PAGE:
Web Design: Choosing a Web Hosting Plan
For many students and educators, the Bauhaus has become a symbolic point of entry to art and design education. ... here you learn about the GRID, by Michael Mandiberg, and Xtine Burrough
Desktop Publishing: Type on the Grid using Adobe InDesign
In this excerpt from Real World Adobe InDesign CS5, Olav Martin Kvern, David Blatner and Bob Bringhurst illustrate how to create multiple page sizes in the same document
-- a feature that people have been requesting for years
Olav Martin Kvern and David Blatner explain InDesign's features for the "rich media" producer. Many of these tools don't produce any visible effect on your InDesign pages, but change the behavior of PDF or Flash SWF files that you export. . .
Interactive Documents using InDesign
I say too much because I'm still trying to keep this newsletter under 20K, and August's "Back to Design School" brought so many outstanding educational opportunities, if I included them all the newsletter would be 100K! So here, I'll just list them:
* Photoshop CS5 and Lightroom 3
* Photography for the Web - get those images right
* To Photoshop or Not to Photoshop - Xtine Burrough (Chapter)
* Fast Track Networking with expert Lucy Rosen
* How to do a GSA Proposal
* LPI Linux Certification
* Programming Windows Azure
* Designing Great iPhone Apps
* Dreamweaver CS5 - revamp an existing site
* Building the Realtime User Experience
* Getting Started with Processing
* Web Operations
* Web 3.0 Marketing - execute a Web 3.0 campaign
* CS5: Multiple Graphics in a Grid of Frames (Chapter)
Full Chapters or articles:
* CS5: Type on the Grid - Michael Mandiberg, Xtine Burrough
* CS5: Using the Magic Wand Tool - Adobe Creative Team
* CS5: InDesign Creating Pages - Olav Martin Kvern, David Blatner
* CS5: Making Corrections in Photoshop - Brie Gyncild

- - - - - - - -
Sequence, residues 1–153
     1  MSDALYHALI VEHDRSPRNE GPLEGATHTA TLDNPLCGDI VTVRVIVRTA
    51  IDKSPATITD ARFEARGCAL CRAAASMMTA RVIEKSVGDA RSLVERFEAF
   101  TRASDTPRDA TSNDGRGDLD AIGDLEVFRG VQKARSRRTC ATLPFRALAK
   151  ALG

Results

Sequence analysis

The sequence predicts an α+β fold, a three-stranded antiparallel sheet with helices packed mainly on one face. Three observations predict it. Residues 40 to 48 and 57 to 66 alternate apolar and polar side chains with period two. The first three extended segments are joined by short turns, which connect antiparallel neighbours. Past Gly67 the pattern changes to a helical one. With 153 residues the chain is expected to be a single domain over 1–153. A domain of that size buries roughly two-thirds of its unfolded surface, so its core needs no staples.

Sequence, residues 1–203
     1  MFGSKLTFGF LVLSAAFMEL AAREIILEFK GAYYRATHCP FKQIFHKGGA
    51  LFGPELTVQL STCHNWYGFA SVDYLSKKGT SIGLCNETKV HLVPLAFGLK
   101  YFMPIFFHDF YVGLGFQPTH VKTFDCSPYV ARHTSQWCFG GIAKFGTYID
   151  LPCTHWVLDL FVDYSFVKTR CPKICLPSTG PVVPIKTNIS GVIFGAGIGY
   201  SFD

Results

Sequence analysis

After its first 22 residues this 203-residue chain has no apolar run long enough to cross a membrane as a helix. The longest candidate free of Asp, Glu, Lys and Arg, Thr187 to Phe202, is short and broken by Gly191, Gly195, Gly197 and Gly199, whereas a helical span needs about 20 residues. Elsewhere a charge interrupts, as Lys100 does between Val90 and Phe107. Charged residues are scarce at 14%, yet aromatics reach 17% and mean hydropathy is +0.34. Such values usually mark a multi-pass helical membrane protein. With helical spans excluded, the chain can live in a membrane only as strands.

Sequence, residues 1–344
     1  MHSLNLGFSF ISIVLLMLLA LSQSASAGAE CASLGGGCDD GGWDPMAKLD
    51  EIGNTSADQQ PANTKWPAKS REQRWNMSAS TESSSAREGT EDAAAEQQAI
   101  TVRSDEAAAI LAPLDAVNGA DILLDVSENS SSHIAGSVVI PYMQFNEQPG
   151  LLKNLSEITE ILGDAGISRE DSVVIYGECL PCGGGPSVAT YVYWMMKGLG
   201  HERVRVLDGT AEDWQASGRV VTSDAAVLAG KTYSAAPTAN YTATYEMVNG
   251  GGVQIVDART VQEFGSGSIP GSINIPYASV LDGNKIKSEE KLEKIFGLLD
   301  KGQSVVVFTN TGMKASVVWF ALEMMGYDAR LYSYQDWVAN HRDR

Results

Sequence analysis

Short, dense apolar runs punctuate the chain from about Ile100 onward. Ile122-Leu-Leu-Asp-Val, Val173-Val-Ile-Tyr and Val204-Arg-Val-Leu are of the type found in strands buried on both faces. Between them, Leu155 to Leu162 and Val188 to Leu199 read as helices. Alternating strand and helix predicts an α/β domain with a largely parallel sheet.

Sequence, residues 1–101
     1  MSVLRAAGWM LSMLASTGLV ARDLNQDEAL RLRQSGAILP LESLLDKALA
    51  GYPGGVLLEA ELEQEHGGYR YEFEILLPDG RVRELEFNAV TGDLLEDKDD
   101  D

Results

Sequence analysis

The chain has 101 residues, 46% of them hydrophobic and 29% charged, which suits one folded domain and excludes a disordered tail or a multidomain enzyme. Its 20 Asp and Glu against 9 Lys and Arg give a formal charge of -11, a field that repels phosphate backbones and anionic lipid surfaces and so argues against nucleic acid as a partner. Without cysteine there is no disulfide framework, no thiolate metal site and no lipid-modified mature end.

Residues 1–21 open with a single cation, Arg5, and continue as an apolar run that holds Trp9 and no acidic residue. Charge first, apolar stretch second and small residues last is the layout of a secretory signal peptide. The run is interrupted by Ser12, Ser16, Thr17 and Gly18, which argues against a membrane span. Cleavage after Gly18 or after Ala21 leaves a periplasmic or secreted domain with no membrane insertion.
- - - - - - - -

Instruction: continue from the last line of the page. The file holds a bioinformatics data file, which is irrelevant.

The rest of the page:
* CS5: Photoshop Color Correction - Richard Harrington
* InDesign: Interactive Documents - David Blatner
* After Effects CS5 Top Five Features - Mark Christiansen
* HTML Pocket Guide: Lists - Bruce Hyslop
They're all in the Design Bookshelf, or just search for any of the above titles or keywords to go to the exact article.
Find them all at the Designers' Bookshelf
Blog postings following the trends in publishing both on paper and the web! This issue looks at * Newspapers? Dying? Social media? Rising? * Adobe may transform content management industry * Dismiss the rate hike? * Why metadata matters for the future of e-books * Apple as middle-man troubles magazine publishers * New York Times free help for publishers? ... and more
Publishing & Media Update
no list this time folks, there's just too many!
But here's the listing ...
You've all probably heard of Adrian Frutiger, the world famous type designer. He sort of summed it up when he once said:
"If you remember the shape of your spoon at lunch,
it has to be the wrong shape.
The spoon and the letter are tools ;
one to take food from the bowl,
the other to take information off the page...
When it is a good design, the reader has to feel comfortable
because the letter is both banal and beautiful."
As we investigate and celebrate the world of typography and fonts, we focus intensely on them as their own entity -- which they are. However, as I've said many times before ... always remember the lesson I learned from the famous Jan White:
Typography should be invisible.
We can all love and savor good type, fonts and typography. But remember that it's the designer's ultimate challenge to make your typography invisible. The reader should simply be drawn into the information purveyed by the typography; effortlessly and without awareness that they are reading. The information should be absorbed and understood. Anything in the design or typography that calls attention to itself as "type" or "typography" during the reading experience, is NOT good typography!
THE PUBLISHERS' WAREHOUSE this month brings over 200 individual legacy and vintage typeographic configurations -- all for your downloading pleasure -- spread across 60 or so pages. The loading dock folks have also brought in a new collection of vintage woodcuts. If you don't get the clue, you can
get the location of the loading dock
September is brought to you by the letter 'S
Congratulations to our contributing designers and prize winners this month. Hey guys, send your mailing address so I can send you a bundle of goodies!
As for September ... as old Ben would say :
"Write something worth doing, or do something worth writing!"
Have a great month, and stay in touch.
Thanks for reading...
Fred Showker, Editor / Publisher, DT&G Magazine
Thought for September:
" Calligraphy reveals such different aspects of the human being as
moral virtues, personal opinion of the beauty,
and also immediate feelings
of the minute.
It helps leave a large footprint on the sands of time. "
Graphic Design & Publishing Center